A while back I brought up the movie "Cars" and how much I enjoyed it. The one liner jokes, characters, and story line made for a very enjoyable movie in my opinion. One of my favorite parts of the movie involved tractor tipping and the combine Frank. See http://www.mccookgazette.com/blogs/hoag/entry/22993/ What brings this to mind is Margie's experience the other night.
As it turns out, we're your basically boring couple I suppose. Margie counted it up and it turns out in the last year and 1/2, we have gotten home after dark a whopping 4 times. Now Margie is up on me by one as she had an encounter with one of the Cars movie characters on her way home from a ladies social get-together in town the other night. Yep, Margie encountered Frank, or his cousin JD anyway.
Our country roads are pretty dark at night, so you can see when someone is coming quite a ways ahead even on a hilly, twisty road like the one between town and our place. Margie popped over a hill before a curve ahead and knew there was a car heading down the road, until she came around the corner and Frank, or JD, was hard at work in the wheat rows right next to the road, so it looked like she was about to be eaten by ol' Frank as she rounded the corner on the hill at first glance. When she got home, the first words out of her mouth were a direct quote from the movie... "There's Frank!", I immediately knew she had an encounter in the dark with a combine, and then I got the rest of the story.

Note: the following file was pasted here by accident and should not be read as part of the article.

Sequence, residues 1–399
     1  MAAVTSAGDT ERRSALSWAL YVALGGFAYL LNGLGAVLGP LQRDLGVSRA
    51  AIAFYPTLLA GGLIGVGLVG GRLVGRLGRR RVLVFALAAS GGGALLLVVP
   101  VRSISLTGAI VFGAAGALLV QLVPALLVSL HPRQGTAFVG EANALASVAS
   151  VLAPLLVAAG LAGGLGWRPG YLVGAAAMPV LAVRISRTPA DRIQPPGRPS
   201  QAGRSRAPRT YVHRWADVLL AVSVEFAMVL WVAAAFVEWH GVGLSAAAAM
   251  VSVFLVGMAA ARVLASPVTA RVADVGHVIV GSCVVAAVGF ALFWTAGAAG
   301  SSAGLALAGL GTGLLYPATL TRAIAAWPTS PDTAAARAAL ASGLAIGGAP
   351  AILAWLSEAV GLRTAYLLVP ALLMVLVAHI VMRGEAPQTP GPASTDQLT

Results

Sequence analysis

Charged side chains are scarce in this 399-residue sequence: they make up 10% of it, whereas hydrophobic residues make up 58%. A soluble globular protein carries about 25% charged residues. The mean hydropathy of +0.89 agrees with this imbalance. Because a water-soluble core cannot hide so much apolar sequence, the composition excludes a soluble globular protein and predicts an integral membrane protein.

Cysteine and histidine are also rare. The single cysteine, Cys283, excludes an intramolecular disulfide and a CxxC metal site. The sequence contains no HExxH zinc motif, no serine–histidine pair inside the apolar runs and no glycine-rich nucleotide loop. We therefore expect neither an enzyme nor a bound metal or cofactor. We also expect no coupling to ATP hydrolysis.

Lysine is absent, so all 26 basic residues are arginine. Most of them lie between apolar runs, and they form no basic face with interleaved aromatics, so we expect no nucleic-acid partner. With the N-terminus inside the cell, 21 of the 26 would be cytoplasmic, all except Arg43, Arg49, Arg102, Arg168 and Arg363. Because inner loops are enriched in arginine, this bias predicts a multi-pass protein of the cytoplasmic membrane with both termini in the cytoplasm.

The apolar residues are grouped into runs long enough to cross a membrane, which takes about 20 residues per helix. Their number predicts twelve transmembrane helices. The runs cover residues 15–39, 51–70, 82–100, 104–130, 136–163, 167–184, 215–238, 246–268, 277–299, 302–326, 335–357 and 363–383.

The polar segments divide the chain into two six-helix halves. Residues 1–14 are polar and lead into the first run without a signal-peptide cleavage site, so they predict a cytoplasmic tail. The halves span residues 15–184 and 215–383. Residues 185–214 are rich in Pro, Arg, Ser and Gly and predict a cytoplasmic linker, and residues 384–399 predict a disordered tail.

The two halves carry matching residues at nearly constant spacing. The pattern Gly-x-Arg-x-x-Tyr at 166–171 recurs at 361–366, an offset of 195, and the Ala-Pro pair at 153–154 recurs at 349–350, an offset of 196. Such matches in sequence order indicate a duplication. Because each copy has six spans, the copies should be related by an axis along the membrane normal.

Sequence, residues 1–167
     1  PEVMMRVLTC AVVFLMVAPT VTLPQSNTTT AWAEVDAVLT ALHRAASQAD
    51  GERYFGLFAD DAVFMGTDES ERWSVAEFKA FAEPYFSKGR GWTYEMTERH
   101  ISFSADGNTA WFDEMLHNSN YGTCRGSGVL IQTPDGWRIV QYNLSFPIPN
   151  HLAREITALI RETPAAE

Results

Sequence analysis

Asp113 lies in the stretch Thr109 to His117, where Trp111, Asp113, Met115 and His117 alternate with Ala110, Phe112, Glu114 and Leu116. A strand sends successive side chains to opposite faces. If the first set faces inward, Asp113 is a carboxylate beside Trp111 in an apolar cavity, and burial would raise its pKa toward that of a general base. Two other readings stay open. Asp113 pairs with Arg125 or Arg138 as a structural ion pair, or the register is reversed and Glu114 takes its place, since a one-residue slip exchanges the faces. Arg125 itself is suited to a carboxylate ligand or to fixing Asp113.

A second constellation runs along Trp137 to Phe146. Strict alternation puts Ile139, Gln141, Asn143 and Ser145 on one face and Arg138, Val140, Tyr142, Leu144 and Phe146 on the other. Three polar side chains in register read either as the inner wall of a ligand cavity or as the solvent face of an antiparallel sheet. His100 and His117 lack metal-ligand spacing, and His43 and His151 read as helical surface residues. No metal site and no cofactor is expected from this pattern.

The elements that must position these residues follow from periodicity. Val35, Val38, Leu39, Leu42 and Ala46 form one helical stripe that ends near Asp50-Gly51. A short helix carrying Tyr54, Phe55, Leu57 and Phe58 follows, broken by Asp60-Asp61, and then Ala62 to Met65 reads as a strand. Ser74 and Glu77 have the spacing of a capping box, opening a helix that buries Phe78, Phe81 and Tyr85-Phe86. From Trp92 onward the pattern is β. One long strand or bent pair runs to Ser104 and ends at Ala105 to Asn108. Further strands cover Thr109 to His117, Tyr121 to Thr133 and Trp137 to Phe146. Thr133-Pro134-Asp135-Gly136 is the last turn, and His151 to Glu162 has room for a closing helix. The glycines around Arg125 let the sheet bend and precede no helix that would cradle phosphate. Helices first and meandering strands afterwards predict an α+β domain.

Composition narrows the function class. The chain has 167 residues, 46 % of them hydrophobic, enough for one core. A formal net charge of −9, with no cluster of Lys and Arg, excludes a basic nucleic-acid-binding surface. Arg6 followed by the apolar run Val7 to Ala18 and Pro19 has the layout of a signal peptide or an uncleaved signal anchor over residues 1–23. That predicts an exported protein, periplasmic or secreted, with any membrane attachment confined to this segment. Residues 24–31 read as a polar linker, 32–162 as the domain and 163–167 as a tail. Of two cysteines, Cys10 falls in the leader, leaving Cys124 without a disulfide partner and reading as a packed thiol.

Now the other part of my blog today is about my efforts to learn a foreign language. You likely didn't know it, but there are different languages used on the Internet to show the pages your computer displays. To see what this language looks like, place your cursor over this text, click the right mouse button, and then left click on "view source". Another window will open up with the computer language that is used to display this McCook Gazette web page. Yep... it takes all that to show this page!
Computers have changed my life for sure, probably yours, and will continue to do so I'm certain. While searching for a picture of Frank, I stumbled on the following YouTube video and got to thinking there are folks with a lot of spare time on their hands to develop a computer program that shows this stuff, but I suppose farmers miss their fields in the middle of winter enough to work this type of computer simulation???